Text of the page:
This blog is undertaken by Shaykh Seraj Hendricks to reach out to the virtual Ummah, who have much to benefit and learn from his insights. He ruminates here, about the spirituality of Being, chronicles his memoirs with some of the illustrious Ulama he has spent his life learning from and contemplates critical issues facing the contemporary Muslim.
He started his professional career as a High School English teacher. Subsequent to that he departed for Makkah, Saudi Arabia, where he spent ten years specialising in Islamic Law (fiqh and usul al-fiqh) at Umm al-Qura University. Previous to this he spent a number of years studying at the feet of his illustrious uncle, the late Shaykh Mahdi Hendricks – erstwhile Life President of the Muslim Judicial Council and widely regarded as one of the foremost scholars of Islam in South Africa. Shaykh Seraj was actively engaged in the anti-apartheid struggle in South Africa during the 80’s and early 90’s.
After his return to Cape Town he received an MA (Cum Laude) for his dissertation: Tasawwuf (Sufism) – Its Role and Impact on the Culture of Cape Islam from the University of South Africa (UNISA). He is currently at the tail-end of completing his Ph.D at the same.
Apart from fiqh and usul al-fiqh, some of Shaykh Seraj’s primary interests are in Sufism, Islamic civilization studies, inter-faith matters, gender studies, socio-political issues and related ideas of pluralism and identity. He also has a specialized interest in the Maqasid al-Shari’ah (Objectives/Purposes of Islamic Law) and Fiqh al-Aqilliyat (The Fiqh of Minorities). He has lectured and presented papers in many countries; sharing platforms with his contemporaries, particularly of the Radical Middle Way. Shaykh Seraj has been ranked as one of the world’s 500 most influential Muslims consecutively in 2009, 2010 and 2011, in a study undertaken by the Royal Islamic Strategic Studies Centre.
Amongst the many classical scholars who have influenced Shaykh Seraj, Imam Ghazali and Ibn Arabi stand out as having shaped his world-view most strikingly. He has translated works of Imam Ghazali, and summarized parts of the Ihya Ulum al-Din, most notably in the Travelling Light series, together with Shaykh Abdul Hakim Murad and Shaykh Yahya Rhodus.
Some of his previous positions included being the head of the Muslim Judicial Council’s Fatwa Committee and a three-year stint as a lecturer in fiqh at the Islamic College of Southern Africa (ICOSA). Currently he is a member of the Stanlib Shari’ah Board, Hakim (Chief Arbitrator) of The Crescent Observer’s Society and a Lecturer in the Study of Islam at the University of Johannesburg (UJ). He has also been teaching a variety of Islamic-related subjects at the al-Zawiyah institute of which he is the Imam, for the past seventeen years, as the representative of the Ba’ Alawi Tariqa, handed down to him by his beloved Shaykh, the distinguished al-Sayyid Muhammad ibn Alawi al-Maliki.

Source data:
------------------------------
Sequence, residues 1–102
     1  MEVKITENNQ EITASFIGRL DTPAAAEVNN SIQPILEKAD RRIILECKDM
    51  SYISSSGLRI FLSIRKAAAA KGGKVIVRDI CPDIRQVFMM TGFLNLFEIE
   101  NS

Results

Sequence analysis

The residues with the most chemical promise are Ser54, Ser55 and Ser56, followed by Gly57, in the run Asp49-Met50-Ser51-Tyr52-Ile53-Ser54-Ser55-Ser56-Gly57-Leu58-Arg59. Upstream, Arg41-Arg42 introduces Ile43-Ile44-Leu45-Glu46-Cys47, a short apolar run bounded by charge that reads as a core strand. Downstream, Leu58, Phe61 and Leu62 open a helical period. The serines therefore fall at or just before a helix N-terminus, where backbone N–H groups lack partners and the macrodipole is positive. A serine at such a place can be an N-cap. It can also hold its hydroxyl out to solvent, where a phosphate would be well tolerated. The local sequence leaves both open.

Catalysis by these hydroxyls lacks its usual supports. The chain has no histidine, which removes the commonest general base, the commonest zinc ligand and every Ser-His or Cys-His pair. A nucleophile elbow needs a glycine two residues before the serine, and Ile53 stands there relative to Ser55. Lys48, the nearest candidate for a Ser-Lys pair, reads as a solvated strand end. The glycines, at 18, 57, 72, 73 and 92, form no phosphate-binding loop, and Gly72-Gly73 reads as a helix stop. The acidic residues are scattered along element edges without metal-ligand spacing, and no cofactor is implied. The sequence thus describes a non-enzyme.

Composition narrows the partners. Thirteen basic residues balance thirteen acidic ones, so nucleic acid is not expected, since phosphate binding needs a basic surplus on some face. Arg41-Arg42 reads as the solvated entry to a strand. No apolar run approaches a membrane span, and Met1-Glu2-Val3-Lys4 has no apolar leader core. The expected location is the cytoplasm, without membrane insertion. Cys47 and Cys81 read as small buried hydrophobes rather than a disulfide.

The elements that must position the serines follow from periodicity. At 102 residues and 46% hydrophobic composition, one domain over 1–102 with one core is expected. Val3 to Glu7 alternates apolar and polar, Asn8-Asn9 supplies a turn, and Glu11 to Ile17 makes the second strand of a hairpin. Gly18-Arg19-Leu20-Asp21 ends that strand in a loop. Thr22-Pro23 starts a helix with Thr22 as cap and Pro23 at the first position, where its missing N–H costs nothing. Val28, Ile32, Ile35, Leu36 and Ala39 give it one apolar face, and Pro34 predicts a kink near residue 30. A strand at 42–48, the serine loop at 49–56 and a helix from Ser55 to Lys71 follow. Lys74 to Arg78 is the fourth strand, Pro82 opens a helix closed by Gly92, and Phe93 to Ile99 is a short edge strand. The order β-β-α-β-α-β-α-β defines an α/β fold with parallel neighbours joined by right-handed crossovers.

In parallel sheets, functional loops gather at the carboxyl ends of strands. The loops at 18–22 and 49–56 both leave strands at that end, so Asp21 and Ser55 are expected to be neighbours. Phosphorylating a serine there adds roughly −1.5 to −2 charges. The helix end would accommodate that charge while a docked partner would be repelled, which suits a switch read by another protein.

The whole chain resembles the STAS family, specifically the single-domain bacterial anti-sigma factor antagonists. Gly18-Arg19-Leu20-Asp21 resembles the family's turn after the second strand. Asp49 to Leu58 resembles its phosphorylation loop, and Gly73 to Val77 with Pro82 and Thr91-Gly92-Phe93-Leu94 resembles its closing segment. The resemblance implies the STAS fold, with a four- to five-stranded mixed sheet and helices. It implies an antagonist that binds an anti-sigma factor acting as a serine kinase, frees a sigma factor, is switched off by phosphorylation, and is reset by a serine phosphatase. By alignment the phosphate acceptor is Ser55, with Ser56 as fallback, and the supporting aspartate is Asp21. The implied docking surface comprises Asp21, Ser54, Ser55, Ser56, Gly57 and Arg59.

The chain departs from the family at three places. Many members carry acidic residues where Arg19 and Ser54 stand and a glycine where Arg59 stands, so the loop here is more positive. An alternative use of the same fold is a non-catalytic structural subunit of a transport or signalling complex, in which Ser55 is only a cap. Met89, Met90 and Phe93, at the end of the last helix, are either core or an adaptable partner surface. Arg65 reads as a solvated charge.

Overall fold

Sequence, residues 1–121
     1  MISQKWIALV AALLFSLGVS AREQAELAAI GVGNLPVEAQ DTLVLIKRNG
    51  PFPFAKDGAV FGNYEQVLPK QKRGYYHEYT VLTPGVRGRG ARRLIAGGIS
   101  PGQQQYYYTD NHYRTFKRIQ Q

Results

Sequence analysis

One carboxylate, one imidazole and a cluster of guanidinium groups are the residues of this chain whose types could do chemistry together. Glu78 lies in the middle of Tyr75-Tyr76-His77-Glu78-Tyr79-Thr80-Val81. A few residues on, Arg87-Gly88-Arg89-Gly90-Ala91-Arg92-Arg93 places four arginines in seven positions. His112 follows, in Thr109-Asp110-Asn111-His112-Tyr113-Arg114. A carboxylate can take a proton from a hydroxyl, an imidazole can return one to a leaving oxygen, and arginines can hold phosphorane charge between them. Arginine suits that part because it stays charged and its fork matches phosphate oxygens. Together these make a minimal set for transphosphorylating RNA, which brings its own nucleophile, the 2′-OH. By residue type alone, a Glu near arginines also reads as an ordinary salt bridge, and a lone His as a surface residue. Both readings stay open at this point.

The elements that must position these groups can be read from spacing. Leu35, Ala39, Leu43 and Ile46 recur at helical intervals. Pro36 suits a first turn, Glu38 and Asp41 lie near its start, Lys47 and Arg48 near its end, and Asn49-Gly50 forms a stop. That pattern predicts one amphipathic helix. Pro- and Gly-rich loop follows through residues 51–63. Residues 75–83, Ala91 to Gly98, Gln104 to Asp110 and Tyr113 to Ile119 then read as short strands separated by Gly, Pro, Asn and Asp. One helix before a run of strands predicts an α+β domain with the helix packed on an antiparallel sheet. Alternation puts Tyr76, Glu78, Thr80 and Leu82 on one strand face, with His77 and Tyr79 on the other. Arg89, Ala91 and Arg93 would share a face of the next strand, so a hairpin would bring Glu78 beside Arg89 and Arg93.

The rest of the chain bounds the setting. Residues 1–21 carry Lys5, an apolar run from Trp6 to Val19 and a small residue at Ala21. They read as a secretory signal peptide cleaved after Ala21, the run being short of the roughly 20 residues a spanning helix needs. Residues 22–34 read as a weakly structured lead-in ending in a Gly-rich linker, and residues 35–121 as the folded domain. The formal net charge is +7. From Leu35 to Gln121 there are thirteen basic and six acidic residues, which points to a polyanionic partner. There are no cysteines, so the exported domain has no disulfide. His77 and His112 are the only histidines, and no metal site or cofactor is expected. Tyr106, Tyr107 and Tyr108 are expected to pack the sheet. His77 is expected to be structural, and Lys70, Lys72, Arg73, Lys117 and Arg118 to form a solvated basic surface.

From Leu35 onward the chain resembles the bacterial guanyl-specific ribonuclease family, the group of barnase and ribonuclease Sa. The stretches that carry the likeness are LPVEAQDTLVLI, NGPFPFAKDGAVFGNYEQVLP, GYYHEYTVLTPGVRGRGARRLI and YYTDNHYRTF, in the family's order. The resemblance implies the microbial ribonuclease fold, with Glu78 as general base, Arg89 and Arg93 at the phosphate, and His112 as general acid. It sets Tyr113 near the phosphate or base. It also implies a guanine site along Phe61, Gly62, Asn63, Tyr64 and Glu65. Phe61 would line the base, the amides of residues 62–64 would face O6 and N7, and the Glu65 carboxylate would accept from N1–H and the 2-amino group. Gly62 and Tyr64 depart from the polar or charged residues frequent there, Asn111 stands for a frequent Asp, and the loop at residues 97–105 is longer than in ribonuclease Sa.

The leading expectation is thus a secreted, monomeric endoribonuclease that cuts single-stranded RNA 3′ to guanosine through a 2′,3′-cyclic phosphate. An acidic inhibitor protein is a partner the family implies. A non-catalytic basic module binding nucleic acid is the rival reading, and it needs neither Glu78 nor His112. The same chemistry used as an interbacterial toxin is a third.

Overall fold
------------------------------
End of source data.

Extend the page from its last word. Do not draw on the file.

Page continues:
Whilst the above reference some of the factual and chronological aspects of Shaykh Seraj’s life, it is difficult to express the impact he has had and continues to have on the lives of so many – that knowledge, which passes from heart to heart, can never be measured. His deep love for and commitment to the spiritual dimensions of Islam, as well as his expertise in its legal sphere have endeared him to and earned him the respect of people from all walks of life, especially his students, to whom he has taught much more than what is written in books.
I end, with this conversation between Rumi and Shams, which perhaps best captures what this blog is all about:
Shams was always a little crazy. He certainly was not in and of the world. Not like those around him.
I used to say, “Who could stand to be near you? Who can understand what you are talking about?”
“Though it appears I speak in riddles, of what I speak are pieces of life’s puzzle. But no one seems to have any interest. They would rather see life as a hardship or a great struggle.”
“Life is hard enough without your confusing banter, Shams.”
“Rumi, my words come from a place few could understand, much less inhabit. They come from the heart, not from the mind. They leap like dancers from the stage of my experience.”
“Do you never tire of attempting to change lives?”
“Rumi, do you tire of breathing, of eating?”
May ar-Rahman continue to bless our esteemed scholars and teachers, the spiritual heirs of the Ambiya and beacons of Purity, Light, Understanding and Love, who never exhaust in their endeavors to change hearts and minds.
Safiyyah Surtee, October 2010